Catholic in the Cubicle, Part 4: Setting up Your Work Space

The following post is part of a series on living the Catholic faith in the workplace.

The layout of a space matters. Just look at the time companies spend designing their headquarters. From cube farms to wide open areas, offices are designed to create a particular culture at a company. You too can create a specific culture focused on Christ within your work space. Since a typical office worker spends more time in the cube than in the pew, it is important to structure this area to bring us closer to God. While our cube may not look like a cathedral, we can set it up as a place to encounter God. Here are a few suggestions of making your cube more Catholic.

A Daily Prayer to a Saint on Your Work Desk

Right next to my computer I have a plaque to St. Joseph the Worker which contains a prayer to begin the work day. I start every work day by praying that prayer to St. Joseph, asking him to help me to work well for the Lord that day. This helps me stay grounded and mindful that my work should be an offering to God. When I get into a tough problem, the plaque reminds me to ask St. Joseph to help me through the situation. I have experienced great power through his intercession and highly recommend praying to him in time of distress.

Turn Your Desktop Background into an Encounter with Christ

Instead of using the generic background on your desktop, add in a picture of Jesus, Mary, a Saint, or your favorite story from the Bible. If you want to be creative, you could change the background each liturgical season to remind you of what feast the Church is currently celebrating. That way, every time you close your program and return to the desktop, you are instantly drawn closer to Christ, instead of yellow tulips, goldfish or whatever picture currently graces your desktop.

Sticky Notes on the Laptop

Placing a quote from a saint or a Bible verse on a laptop is another great reminder. It just takes one glance down from the computer screen to that note to allow God to speak to you. While you may not have five minutes at work to read a meditation, you can take five seconds to read a quote that draws you back to Christ.

HR Policy and Religious Items

One company I used to work for had a policy of no religious items on the desk or on the cube wall, though I could have them in my desk drawer. I was rather frustrated when I was told to take my crucifix down in the name of inclusion and diversity. However, I became creative in the ways that I displayed my faith in the cube. I placed a couple of push pins on the wall in the outline of a cross. I kept my desk drawer open a crack so that I could see the crucifix inside it. If HR restricts your expression of the faith, find some creative alternatives. The early Christians used symbols like the fish to show their faith, why can’t we?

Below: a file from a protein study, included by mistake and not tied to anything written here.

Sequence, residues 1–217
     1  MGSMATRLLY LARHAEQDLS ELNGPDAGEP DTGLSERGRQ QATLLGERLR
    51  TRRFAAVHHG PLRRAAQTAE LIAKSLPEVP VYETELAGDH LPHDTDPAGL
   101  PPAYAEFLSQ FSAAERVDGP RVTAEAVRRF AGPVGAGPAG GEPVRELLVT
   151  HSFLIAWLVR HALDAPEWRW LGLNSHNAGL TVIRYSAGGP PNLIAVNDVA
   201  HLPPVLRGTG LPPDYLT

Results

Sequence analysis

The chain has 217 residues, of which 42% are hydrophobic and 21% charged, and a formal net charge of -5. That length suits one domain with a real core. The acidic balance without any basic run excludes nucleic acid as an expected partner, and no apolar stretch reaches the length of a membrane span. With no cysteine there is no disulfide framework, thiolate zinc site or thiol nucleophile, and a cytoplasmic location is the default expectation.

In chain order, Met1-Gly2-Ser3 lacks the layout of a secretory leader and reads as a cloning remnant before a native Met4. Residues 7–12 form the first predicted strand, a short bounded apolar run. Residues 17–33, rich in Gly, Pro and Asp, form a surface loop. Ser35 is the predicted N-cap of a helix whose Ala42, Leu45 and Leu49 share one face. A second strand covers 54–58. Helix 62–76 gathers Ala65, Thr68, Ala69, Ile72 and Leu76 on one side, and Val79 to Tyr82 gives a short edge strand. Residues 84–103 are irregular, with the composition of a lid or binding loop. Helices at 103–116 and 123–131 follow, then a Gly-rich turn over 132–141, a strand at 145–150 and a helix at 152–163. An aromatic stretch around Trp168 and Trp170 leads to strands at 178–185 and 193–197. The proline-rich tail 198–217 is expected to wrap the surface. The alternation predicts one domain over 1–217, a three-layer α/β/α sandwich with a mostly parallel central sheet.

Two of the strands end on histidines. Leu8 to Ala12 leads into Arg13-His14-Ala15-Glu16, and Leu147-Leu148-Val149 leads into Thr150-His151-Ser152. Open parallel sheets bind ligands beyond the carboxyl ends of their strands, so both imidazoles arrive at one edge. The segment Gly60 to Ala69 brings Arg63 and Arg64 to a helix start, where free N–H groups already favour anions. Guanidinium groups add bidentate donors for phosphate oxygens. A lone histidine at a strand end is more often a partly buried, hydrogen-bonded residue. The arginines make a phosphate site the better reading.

The possibilities of customizing your work space to focus on God are endless. In this season of Easter joy, find one thing that will remind you of that joy to place in your work space.

Bob Waruszewski is a cradle Catholic from Pittsburgh, PA. He graduated from St. Vincent College with a bachelor’s degree in both mathematics and economics. Currently he works in the regulatory department for a natural gas distribution company in the Steel City and is enjoying life as a married man. In his free time, which will be cut dramatically when his wife gives birth in May, he enjoys playing sports, hiking and reading a good book. His favorite saint is St. Joseph.

This article is reprinted with permission from our friends at The Catholic Gentleman.

By

Sam Guzman is an author and editor of The Catholic Gentleman whose work has appeared in several publications. He resides in Wisconsin with his wife and two small boys where he is also the Communications Director for Pro-Life Wisconsin.

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  • cececole

    Loyola Press puts out a great set of Desktop Image for screensavers every month (they include a calendar in the bottom right corner, handy). http://www.loyolapress.com/3minute-retreat-desktop-image.htm Lovely nature images and a quote from Scripture (usually from weekly Gospel). I was really blessed to come across this earlier this year. I find it hard to load them in Chrome (my fav browser) but can do it in a few clicks with Opera or FF (though I now have deleted that after Mr. Eich was pushed out).

  • Michael J. Lichens

    Thanks for sharing! I used similar resources to add at least holy images to my desktop. It’s a good thing to see, especially on a stressful day.

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